• Nebraska Revised Statute 30-2620 states that The court may appoint a guardian if it is satisfied by clear and convincing evidence that the person for whom a guardian is sought is incapacitated and that the appointment is necessary or desirable as the least restrictive alternative available for providing continuing care or supervision of the person of the person alleged to be incapacitated.  Guardianship usually starts with a petition filed by an interested person. An interested person includes the disabled or incapacitated person’s children, spouse, relatives, friends, and people who have a legitimate interest in the incapacitated person’s well-being. There are some similarities between a guardian and a power of attorney or an attorney in fact. An attorney in fact is created when a Power of Attorney is executed. The principal creates the Power of Attorney to allow an agent to act on his/her behalf after/during certain triggering events. The process of creating a Power of Attorney usually does not involve the court. In comparison, guardianship is formal court process that requires petitions, hearings, presentation of evidence before a judge can make a decision. Guardianship is more powerful and intrusive than Power of Attorney. With more power comes more responsibilities. Guardians have a legal duty to act and fiduciary duties to take care of ward’s assets. When failure to act or failure to take reasonable effort to act, negligence, or intentional act to cause harm to the ward, court may hold guardians in contempt or certain criminal charges maybe instituted. Guardianship can also be intrusive. Guardians can determine the place where the ward lives whether it is a detention, commitment to a treatment facility or just where the ward’s apartment is. Often times, there are disagreements between the ward and guardian. If the court authorizes the guardian the power in certain areas, the guardian’s decisions can overwrite the ward’s choices in those areas. That does not mean a guardian should not listen or defer his decision to the ward.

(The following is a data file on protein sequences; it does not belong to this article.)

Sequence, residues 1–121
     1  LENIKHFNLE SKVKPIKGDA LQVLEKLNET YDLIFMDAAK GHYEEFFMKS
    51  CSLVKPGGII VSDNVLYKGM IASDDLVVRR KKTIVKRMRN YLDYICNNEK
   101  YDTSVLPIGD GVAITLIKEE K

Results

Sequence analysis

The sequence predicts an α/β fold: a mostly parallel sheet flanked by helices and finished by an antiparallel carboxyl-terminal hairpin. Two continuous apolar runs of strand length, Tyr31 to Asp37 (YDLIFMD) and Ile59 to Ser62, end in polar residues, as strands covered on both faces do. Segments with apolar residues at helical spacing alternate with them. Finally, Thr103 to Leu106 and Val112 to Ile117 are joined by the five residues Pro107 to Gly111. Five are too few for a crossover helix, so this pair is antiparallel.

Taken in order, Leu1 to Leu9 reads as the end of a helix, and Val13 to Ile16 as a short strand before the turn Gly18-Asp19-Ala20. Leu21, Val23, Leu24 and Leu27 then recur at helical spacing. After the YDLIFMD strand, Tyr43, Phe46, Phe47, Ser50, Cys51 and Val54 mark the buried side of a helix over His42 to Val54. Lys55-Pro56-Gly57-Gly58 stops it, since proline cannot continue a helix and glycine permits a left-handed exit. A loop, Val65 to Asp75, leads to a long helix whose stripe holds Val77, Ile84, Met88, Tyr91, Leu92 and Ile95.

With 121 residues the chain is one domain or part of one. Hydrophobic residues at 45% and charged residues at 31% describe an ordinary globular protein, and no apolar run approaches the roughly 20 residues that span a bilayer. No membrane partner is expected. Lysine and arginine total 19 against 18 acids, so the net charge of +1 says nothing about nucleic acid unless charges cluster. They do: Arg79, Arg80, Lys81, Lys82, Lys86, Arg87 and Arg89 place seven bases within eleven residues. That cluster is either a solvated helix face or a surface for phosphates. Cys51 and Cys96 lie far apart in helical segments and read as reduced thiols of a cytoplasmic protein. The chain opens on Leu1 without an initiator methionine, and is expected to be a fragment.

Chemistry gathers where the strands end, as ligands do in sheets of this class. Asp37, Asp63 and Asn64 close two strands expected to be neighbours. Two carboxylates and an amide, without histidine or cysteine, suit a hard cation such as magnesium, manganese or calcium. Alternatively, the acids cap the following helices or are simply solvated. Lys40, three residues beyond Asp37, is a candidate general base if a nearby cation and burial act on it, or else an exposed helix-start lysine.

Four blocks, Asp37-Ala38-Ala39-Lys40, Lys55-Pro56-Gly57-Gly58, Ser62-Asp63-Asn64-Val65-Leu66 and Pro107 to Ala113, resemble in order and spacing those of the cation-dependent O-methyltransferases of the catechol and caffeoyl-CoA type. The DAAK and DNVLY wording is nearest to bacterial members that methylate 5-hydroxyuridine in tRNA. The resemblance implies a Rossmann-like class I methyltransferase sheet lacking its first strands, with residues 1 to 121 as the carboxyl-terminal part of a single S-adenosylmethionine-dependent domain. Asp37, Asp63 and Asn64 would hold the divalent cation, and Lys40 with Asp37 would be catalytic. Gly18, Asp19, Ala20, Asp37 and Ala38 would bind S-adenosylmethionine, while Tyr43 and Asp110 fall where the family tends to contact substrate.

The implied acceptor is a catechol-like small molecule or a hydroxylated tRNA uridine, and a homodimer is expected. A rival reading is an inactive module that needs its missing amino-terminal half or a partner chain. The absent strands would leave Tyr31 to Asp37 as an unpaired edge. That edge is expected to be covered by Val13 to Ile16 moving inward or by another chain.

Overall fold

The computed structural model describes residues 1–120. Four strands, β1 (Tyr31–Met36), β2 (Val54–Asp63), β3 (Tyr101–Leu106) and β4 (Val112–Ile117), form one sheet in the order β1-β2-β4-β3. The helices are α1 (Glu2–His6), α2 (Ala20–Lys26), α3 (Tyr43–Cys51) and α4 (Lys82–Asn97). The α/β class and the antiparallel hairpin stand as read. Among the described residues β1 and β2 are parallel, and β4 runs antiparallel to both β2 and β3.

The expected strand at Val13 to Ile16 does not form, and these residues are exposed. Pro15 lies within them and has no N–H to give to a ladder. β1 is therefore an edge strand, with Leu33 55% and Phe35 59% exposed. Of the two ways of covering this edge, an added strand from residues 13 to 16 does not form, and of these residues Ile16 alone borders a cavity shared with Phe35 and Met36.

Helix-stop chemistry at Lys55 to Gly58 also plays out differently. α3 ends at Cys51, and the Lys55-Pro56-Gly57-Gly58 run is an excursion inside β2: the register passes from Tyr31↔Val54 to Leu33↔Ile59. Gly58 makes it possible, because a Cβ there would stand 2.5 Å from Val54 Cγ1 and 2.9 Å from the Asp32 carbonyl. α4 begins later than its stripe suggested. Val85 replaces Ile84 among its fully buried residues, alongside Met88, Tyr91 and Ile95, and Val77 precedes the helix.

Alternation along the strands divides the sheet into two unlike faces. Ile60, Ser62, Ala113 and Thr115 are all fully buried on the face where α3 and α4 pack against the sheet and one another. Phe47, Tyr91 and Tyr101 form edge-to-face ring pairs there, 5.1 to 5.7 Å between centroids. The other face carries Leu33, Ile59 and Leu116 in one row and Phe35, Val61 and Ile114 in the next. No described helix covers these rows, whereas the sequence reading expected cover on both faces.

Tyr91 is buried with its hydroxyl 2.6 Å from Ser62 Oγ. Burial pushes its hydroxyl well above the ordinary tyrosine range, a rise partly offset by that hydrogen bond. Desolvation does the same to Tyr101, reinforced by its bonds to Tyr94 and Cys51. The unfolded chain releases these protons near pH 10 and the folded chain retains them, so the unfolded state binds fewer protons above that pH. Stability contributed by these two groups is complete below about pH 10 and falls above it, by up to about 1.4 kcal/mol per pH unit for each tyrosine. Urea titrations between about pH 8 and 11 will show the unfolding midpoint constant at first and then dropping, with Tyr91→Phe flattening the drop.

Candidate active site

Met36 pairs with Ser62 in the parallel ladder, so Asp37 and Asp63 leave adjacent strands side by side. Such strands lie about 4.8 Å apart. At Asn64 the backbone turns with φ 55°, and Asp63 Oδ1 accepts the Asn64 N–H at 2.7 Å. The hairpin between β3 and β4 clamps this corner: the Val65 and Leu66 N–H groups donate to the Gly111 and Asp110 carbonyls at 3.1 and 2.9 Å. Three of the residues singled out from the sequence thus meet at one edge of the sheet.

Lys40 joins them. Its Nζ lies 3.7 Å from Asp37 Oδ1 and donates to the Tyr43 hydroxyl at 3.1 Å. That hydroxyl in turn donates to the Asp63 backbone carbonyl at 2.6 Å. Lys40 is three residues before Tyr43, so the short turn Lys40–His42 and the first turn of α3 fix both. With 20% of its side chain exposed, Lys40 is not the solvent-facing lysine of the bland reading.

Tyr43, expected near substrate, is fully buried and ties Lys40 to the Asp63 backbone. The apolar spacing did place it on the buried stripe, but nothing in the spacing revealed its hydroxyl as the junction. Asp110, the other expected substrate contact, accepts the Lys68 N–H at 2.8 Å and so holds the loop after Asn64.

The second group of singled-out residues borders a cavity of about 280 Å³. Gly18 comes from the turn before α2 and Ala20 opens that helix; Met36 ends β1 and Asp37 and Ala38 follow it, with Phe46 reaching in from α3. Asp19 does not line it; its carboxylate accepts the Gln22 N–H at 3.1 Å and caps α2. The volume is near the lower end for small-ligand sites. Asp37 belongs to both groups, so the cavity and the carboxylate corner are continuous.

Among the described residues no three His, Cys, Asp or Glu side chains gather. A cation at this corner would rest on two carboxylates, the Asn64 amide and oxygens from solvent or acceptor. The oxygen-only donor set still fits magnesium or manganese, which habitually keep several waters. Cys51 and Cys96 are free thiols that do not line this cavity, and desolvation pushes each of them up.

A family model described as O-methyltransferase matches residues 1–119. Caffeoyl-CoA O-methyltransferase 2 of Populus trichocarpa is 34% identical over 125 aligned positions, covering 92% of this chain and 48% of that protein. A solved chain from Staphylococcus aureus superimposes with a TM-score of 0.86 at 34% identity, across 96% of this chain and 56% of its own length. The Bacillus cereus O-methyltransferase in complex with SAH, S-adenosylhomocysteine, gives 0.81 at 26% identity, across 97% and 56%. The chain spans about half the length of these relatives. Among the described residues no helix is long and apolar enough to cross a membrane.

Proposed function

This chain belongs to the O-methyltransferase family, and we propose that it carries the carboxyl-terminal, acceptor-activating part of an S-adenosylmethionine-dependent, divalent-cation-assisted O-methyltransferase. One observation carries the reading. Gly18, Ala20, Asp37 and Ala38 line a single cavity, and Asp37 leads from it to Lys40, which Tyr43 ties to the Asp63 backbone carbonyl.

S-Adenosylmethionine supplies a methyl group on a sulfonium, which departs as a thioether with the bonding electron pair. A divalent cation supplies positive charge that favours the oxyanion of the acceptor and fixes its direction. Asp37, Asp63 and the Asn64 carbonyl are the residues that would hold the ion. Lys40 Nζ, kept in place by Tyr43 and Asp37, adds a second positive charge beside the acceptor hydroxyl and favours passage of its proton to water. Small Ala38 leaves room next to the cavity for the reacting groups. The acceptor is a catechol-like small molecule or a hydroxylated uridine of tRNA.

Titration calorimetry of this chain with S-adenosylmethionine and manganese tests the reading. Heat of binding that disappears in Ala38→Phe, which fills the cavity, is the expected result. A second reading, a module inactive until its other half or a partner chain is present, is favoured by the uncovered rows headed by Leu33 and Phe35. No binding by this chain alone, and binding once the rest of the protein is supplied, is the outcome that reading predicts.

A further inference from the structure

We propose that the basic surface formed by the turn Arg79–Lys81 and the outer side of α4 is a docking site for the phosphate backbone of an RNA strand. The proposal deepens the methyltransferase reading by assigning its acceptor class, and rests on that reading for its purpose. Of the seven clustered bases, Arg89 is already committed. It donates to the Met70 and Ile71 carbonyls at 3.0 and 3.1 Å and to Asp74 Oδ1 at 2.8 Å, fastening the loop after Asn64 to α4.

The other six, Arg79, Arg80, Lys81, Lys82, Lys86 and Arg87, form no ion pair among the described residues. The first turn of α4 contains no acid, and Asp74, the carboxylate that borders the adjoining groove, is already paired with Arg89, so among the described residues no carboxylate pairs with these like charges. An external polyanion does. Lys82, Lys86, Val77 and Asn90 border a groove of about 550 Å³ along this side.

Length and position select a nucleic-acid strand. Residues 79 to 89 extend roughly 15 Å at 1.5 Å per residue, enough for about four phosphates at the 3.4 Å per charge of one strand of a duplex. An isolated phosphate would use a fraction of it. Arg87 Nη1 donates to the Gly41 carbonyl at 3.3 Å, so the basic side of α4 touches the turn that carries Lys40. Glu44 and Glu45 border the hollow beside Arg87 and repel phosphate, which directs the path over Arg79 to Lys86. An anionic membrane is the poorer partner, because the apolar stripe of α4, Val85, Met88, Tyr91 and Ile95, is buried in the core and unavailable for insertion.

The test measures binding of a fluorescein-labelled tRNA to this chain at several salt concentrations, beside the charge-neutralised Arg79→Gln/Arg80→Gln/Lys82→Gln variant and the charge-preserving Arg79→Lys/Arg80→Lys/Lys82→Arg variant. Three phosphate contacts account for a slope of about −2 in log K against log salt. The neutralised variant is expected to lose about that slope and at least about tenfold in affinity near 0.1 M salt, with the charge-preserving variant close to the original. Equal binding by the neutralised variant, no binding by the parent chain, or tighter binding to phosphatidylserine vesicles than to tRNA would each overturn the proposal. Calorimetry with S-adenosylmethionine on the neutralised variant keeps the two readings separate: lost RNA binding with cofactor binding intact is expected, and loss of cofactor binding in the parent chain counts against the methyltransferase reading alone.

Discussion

What Do Guardians Do?